“Spirit of the Magic Mirror, arise from deep space. Between wind and darkness I call you! Speak! Show me your face.”
So ordered the Wicked Queen to her magic mirror in the tale of Snow White, before demanding to know who, that day, was the fairest of them all. With the disastrous consequences that we all know.
We also know that rankings always represent a simplification of reality, but they do have the advantage of giving us an immediately understandable snapshot of a given situation.
Fortunately, the EPI indicator developed by Yale University to identify the most environmentally friendly economies is based on more transparent and objective criteria than those applied by the Magic Mirror.
It is a weighted and aggregated index which considers 11 categories:
- Air quality
- Health and drinking water
- Heavy metals
- Waste management
- Biodiversity & habitat
- Environmental services
- Climate change
- Pollutant emissions
- Water resources
Denmark came in first place, thanks to a mix of public policies capable of systematically internalising the challenges posed by climate change.
Canada is the best at protecting its exceptional biodiversity, while Singapore sets an example when it comes to sustainable fishing and wastewater recycling. The UK and France, on the other hand, excel in creating protected areas. A special mention also goes to Sweden, for its particularly virtuous management of solid waste (keyword: recycling!)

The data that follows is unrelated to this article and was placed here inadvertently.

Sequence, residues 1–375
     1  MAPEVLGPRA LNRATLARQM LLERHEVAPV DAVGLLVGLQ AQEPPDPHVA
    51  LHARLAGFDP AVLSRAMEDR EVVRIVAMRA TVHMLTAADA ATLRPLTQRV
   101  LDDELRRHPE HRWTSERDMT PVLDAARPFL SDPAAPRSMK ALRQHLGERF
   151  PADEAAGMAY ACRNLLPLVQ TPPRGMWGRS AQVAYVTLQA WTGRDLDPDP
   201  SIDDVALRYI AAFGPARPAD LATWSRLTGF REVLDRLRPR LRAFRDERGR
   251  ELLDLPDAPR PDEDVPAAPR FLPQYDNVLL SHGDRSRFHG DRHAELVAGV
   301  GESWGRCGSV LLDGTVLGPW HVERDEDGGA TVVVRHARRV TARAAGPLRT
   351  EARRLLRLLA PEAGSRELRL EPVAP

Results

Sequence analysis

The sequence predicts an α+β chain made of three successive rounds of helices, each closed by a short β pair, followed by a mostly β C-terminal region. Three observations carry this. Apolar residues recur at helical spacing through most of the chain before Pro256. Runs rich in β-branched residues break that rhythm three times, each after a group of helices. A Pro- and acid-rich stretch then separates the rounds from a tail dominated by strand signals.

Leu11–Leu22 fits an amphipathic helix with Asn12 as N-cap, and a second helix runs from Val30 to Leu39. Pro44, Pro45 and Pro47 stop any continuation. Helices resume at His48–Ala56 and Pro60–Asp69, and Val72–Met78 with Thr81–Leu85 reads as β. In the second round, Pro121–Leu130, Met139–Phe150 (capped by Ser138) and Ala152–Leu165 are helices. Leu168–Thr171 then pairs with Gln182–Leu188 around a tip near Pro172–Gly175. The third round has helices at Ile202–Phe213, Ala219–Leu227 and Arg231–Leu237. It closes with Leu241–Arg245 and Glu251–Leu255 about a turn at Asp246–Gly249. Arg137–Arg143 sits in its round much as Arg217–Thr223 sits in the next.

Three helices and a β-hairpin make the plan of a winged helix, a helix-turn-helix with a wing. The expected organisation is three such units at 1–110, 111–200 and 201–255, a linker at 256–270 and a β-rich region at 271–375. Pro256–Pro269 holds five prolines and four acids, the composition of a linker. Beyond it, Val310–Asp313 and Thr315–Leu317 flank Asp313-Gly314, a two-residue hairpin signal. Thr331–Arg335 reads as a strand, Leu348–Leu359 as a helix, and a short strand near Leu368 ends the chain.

Although rankings are by definition designed to bait the competition, the EPI isn’t just a contest between countries to look good in front of the international community, but a tool for observing performance trends from one year to the next, identifying the areas where progress has been made along with those that still need more work.
That said, we must also mention that the countries occupying the top 40 places in this ranking are also all classified as “high income” by the World Bank.
As if to say, dear Magic Mirror, it’s easy to tell me they’re the fairest of them all when they’ve spent all their savings on beauty treatments.
Infrastructure costs are just one of the reasons why wealthier nations tend to perform better in terms of sustainability. From reducing air pollution to water treatment, from controlling hazardous waste to managing public health, all of these measures have huge costs and require long-term thinking in order to bring real benefits for citizens.
Precisely because we don’t want sustainability to remain a “thing for the rich”, we strongly believe in the effectiveness of agroforestry systems – the method we use to plant trees. A method capable of bringing both environmental and social benefits.